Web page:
The U.S. Army believes it has the first export customer of is new JLTV (Joint Light Tactical Vehicle). Britain wants to talk terms, including local production and technology transfer. The American designer and manufacturer, Oshkosh, has been promoting the JLTV to military and police organizations worldwide.
Low-rate production of the JLTV began in 2015 with orders for 657 vehicles. This came months after the army chose the Oshkosh L-ATV as the winner of the design competition to be the JLTV, which will replace armored HMMWV (hummer) vehicles. At the end of 2016 the army ordered another 409 for $438,000 each. Mass production is to begin in 2018 but until then the army needs several thousand of them for troops,
including export customers, to train with and get used to. The design of the JLTV was based on a lot of troop feedback and online discussions (especially on message boards only accessible to the troops. The military wants to avoid relearning lessons about vehicle protection learned and forgotten after World War II, Korea and Vietnam.
The Oshkosh JLTV is a light armored vehicle that provides a high (MRAP) level protection against roadside bombs and mines while also carrying a crew of two and up to 2.3 tons of passengers or cargo. Top road speed is 112 kilometers an hour and it has a hatch in the top that allows for installation of a manned machine-gun or a RWS (remote weapons station). Range on internal fuel is 480 kilometers and it has an improved suspension for a smoother ride off-road. The diesel engine can also generate 70 kw of electrical power.
The U.S. Army received the first 66 prototypes of the JLTV, 22 each from three manufacturers (Lockheed, Oshkosh, and AM General) in 2013. Each design was different but adhered to the basic design specification. The three JTLV designs were all improvements on the HMMWV. After two years of testing the army selected Oshkosh. The initial order is for 16,901 vehicles. These will cost about $400,000 each and there will be eight models. About a quarter of the first JLTVs are for the U.S. Marine Corps. Additional vehicles will be built for foreign and non-military customers. Because the U.S. is producing this new vehicle design (which contains a lot of expensive new tech) the per-unit cost is lower than most nations can match by developing their own comparable vehicle. That was a major attraction for the British.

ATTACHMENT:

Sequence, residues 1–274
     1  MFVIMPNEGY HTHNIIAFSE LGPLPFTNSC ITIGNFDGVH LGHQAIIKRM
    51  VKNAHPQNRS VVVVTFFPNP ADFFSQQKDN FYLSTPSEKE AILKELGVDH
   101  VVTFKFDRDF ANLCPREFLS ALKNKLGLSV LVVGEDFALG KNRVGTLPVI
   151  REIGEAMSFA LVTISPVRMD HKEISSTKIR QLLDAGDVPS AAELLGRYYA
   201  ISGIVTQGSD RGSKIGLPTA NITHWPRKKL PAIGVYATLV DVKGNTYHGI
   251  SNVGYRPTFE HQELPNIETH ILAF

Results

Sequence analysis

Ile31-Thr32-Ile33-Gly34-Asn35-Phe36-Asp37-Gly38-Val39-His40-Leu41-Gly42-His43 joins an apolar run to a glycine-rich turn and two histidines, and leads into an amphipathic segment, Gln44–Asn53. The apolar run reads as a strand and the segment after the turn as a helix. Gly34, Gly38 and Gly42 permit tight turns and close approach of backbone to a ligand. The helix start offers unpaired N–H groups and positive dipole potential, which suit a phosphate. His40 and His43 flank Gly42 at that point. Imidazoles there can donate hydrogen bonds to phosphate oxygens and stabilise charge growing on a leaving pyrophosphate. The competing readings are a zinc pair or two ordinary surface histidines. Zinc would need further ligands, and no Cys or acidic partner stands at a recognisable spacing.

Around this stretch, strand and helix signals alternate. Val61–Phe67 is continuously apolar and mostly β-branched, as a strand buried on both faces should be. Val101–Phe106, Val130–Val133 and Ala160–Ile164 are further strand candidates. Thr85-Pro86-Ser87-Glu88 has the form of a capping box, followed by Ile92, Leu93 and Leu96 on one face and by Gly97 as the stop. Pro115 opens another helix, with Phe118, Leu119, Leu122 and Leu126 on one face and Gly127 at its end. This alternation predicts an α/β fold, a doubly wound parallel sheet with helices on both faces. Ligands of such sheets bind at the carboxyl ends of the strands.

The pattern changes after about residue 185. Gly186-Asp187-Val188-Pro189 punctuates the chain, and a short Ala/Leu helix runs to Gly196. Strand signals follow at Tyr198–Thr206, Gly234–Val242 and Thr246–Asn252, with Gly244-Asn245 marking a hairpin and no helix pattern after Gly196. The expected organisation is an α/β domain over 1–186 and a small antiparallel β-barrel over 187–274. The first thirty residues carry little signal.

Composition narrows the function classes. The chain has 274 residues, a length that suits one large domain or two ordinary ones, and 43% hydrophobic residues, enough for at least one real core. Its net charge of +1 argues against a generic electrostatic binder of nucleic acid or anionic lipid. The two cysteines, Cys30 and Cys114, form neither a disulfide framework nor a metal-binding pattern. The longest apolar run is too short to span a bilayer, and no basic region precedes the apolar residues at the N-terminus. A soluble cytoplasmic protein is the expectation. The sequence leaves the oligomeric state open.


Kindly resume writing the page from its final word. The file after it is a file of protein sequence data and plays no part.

When the JLTV enters service in 2019 it will signal the end of an era. The HMMWV (“hum-V” or “hummer”) was an iconic and revolutionary vehicle and the most innovative military transport to show up since World War II. About half the annual sales of HMMWV vehicles went to the U.S. Army, with the rest going to other branches of the American military and foreign customers. Over 200,000 hummers have been produced so far, in dozens of variants and versions. The army will continue to use the hummer for a decade or more after the JLTV enters service, but the unique vehicle design is now beginning to fade away.
The 6.4 ton JLTV that replaces the 4 ton armored HMMWV (2.4 tons unarmored) is heavier because of the JLTV being more robust and better protected. The hummer itself replaced the 1.1 ton jeep and the 3 ton M37 "3/4 ton" truck in the 1980s. The JLTV marks a notable design direction for tactical vehicles. The JLTV is designed to absorb combat damage and be quickly equipped with two different armor kits. In effect, the World War II concept of the unarmored light vehicle for moving men and material around the battlefield has been radically changed.
This began in Iraq, where it was demonstrated that you can fight your way through a hostile population on a regular basis and defeat a guerilla force constantly attacking your tactical and logistical vehicles. This has never worked before but it worked this time, in part because U.S. troops promptly armored their hummers and trucks and quickly developed "road warrior" tactics that defeated roadside and suicide bombs. Even though these bombs created a lot of American casualties, the U.S. casualty rate in Iraq and Afghanistan was a third of what it was in Vietnam and World War II. This was in large part because of the armored hummers and trucks. Few people outside the military noted this event, a watershed moment in military history. But it was recognized within the military and produced this sharp shift in design philosophy for tactical trucks, and the result is the JLTV.
The U.S. Army began replacing the World War II era vehicles with the HMMWV in 1985. This was the first new unarmored combat vehicle design since World War II when the jeep and ¾ ton truck was introduced. The HMMWV was expected to last for three decades or more. But that plan changed once Iraq was invaded. As expected, hummers wore out a lot more quickly (in five years) in combat than during peacetime use (14 years). So the army and marines began developing, ahead of schedule, a new vehicle to supplement the hummer in combat zones.
In addition to being built to better survive mines and roadside bombs, the JLTV will be able to generate up to 70 kw of electricity (for operating all the new electronic gear and recharging batteries), have an automatic fire extinguishing system, and jam-resistant doors. Like the hummer, JLTV will be easy to reconfigure, for everything from a four seat, armed scout vehicle to an ambulance, command vehicle, or cargo or troop transport.
The hummer will continue to be used outside of the combat zone, where most troops spend most of their time. But the JLTV will be built to better handle the beating vehicles take in the combat zone, including a design that enables troops to quickly slide in armor and Kevlar panels to make the vehicles bullet and blast proof.